Agent efficiency, automation, and operational insights
Companies and consumers are entering an era that prioritizes digital channels above all else. Kiosks are the new waiters; mobile apps the new foyer; messaging conversations the newest form of checkout.
During the global pandemic, businesses saw digital channels generate profit like never before — Instagram, TikTok, and other social media channels double down on commerce offerings.
This future is full of new opportunities, but it also comes with uncertainties.
Are these changes here to stay? Will the trend continue to be that consumers shop digitally? Will there be a revitalized demand for personalized, authentic human connections and experiences?
We asked these questions and more in a survey of over 1,300 consumers and marketing leaders around the globe. Through this research, we identified key consumer trends that impact how marketers allocate their budgets moving forward in a post-pandemic world. This research highlights the importance of the human connection in marketing strategies and gives marketers insight into hybrid, digital, and human strategies to future-proof marketing investments.
A quick peek at some of the findings:
67% of consumers believe the best shopping experiences in the future will incorporate both human and digital channels
57% of consumers want the option to talk to someone before buying a product or service
59% of consumers (on average) who’ve engaged with brands through digital channels (such as social media, chat, or online communities) have considered or purchased a product because of an ad or content they saw on social media
According to Bloomreach, 9% of marketers experienced digital growth year-over-year before the global pandemic. Comparatively, 83% of these same marketers experienced double-digit growth in digital post-COVID-19 because they had to pivot to serve consumer needs better.
Yet, across five select product and service categories — apparel, technology, health & beauty wellness, restaurants/quick service restaurants (QSR), and travel & hospitality — Khoros’s research shows consumers are more likely to engage in hybrid activities during the purchase process compared to taking a solely in-store or solely digital approach. Despite consumers’ increased reliance on digital channels, COVID-19 had little impact on their preference for purchasing in-person vs. online.
The hybrid purchase journey isn’t exactly new. Shopping habits are becoming more hybrid than before. In the survey, 67% of consumers believe the best shopping experiences incorporate both human and digital channels. As more phases of the purchase journey become integrated online (e.g., web chat deployed on more product detail pages), it will be easier for consumers to take a hybrid approach.
One thing’s for sure, the value of human connection throughout the purchase journey shouldn’t be overlooked. Our research proves it — 57% of consumers want the option to talk to someone before buying a product or service. After 18 months of quarantining and social distancing, consumers look forward to human interaction. But that doesn’t mean they will ignore the convenience of ecommerce. As purchase journeys become increasingly hybrid, we see consumers tend to rely on digital channels during the discovery and consideration phases and on in-person interactions during the purchase phase.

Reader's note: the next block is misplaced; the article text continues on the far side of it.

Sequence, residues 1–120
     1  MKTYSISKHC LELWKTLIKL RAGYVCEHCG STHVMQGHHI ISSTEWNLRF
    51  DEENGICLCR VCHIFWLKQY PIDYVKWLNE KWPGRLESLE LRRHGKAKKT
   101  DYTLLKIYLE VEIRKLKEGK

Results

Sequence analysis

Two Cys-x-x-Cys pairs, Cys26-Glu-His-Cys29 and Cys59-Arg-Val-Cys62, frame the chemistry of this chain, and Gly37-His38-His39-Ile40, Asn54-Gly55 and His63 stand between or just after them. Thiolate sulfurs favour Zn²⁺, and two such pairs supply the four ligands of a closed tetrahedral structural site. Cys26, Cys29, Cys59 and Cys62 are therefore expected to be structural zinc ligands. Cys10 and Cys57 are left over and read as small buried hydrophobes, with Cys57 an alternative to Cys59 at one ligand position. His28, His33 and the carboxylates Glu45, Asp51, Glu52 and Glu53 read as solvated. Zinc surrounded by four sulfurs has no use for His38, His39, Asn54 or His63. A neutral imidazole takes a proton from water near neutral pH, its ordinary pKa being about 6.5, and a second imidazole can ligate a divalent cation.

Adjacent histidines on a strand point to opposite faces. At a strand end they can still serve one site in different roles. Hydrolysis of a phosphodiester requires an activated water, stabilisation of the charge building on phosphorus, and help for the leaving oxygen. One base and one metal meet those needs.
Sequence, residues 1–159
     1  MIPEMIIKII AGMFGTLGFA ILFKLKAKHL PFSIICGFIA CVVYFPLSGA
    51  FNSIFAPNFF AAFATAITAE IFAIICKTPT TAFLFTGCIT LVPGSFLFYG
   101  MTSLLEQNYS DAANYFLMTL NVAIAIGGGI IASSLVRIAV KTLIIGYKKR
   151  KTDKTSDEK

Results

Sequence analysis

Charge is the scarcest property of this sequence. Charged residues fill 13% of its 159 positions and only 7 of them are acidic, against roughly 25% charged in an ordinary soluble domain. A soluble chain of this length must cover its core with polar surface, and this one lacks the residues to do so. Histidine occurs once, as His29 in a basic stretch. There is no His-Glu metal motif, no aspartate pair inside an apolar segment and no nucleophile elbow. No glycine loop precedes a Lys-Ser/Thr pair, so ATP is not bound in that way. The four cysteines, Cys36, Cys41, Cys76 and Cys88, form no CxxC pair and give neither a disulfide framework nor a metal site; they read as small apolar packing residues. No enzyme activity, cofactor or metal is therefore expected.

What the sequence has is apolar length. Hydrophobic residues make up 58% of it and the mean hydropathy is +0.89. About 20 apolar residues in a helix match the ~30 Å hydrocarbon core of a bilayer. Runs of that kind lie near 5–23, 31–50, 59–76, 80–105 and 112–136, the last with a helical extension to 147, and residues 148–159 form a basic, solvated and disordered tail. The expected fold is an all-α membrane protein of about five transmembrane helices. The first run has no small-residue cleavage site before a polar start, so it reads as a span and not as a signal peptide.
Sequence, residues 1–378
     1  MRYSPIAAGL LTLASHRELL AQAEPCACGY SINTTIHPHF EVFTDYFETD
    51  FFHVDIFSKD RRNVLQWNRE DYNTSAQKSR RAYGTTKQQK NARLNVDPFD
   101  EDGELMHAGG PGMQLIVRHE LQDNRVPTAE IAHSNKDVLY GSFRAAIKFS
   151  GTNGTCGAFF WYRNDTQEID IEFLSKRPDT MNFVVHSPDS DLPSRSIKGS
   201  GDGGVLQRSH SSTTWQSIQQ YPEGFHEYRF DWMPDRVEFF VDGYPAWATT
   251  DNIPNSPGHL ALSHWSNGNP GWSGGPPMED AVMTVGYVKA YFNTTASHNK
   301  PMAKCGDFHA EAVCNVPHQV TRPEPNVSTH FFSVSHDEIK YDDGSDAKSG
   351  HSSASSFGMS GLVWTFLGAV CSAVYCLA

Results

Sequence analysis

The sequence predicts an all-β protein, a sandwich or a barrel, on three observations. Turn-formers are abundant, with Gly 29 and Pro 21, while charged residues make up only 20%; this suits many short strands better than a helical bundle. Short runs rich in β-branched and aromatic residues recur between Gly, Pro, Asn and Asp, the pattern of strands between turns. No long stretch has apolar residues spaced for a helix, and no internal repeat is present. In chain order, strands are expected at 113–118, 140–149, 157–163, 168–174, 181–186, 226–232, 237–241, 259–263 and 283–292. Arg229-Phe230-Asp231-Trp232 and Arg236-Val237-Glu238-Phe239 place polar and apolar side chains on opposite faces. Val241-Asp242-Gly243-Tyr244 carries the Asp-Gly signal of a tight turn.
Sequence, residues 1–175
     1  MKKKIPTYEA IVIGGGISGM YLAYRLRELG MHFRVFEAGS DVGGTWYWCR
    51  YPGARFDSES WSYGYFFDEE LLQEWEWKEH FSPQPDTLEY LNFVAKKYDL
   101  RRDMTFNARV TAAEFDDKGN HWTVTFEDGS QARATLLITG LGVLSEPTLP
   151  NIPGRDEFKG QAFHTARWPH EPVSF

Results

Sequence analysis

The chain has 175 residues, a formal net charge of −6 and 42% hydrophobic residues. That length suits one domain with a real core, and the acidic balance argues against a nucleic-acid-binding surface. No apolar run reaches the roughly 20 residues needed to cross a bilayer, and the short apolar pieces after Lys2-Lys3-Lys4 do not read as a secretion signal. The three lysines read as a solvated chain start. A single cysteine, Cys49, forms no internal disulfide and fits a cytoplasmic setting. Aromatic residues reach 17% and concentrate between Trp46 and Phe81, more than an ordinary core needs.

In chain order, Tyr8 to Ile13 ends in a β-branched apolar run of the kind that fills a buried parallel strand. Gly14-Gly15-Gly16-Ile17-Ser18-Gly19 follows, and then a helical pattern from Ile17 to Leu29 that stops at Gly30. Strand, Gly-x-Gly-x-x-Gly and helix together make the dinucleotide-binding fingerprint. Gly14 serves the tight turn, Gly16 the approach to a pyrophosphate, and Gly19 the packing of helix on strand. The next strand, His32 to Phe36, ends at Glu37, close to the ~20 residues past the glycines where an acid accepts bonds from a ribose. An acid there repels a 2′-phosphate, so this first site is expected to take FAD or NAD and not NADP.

The question now is: Will this hybrid approach last forever? Or will consumers’ growing appetite for digital eventually tip the scales and make human interaction less of a need?
We conducted an a-priori segmentation analysis with the results from its consumer survey. The results help marketers understand what their strategies should look like one, five, or ten years down the road. We also identified a subset of the general population (“GenPop”) who might help us understand the future of commerce.
We also identified a subset of consumers already engaging with brands through communication channels such as social media, chat, and branded communities. Much like the GenPop audience, this segment relies on both in-person and digital engagements throughout their purchase journeys today. Still, they are significantly more likely than GenPop to prefer digital-only methods for purchasing products and services six months from now (which includes the consideration, purchase, and postpurchase phases of the purchase journey).
More importantly, this digital-forward segment is the future consumer.
Compared to GenPop, this segment is significantly more likely to be Millennials employed full-time and living in urban environments with children. In other words, they are young, busy professionals comfortable harnessing technology as they look for ways to optimize a busy lifestyle.
The digital-forward segment expects a simpler, more convenient, and more personalized purchase journey, and the digital strategies marketers dialed up during the pandemic got them closer to that journey. Furthermore, this segment’s age group suggests that the need for simpler, more convenient, and personalized shopping experiences will only grow over time.
Pyschographically, this segment is also significantly more comfortable shopping online for almost all product categories than GenPop. They’re more likely to turn to online shopping because it gives them more options than stores. They are also more likely than GenPop to have recently purchased a product or service because of an ad or content they saw on social media. They’re willing to share their personal data for an improved shopping experience — something rare among the older generations of GenPop.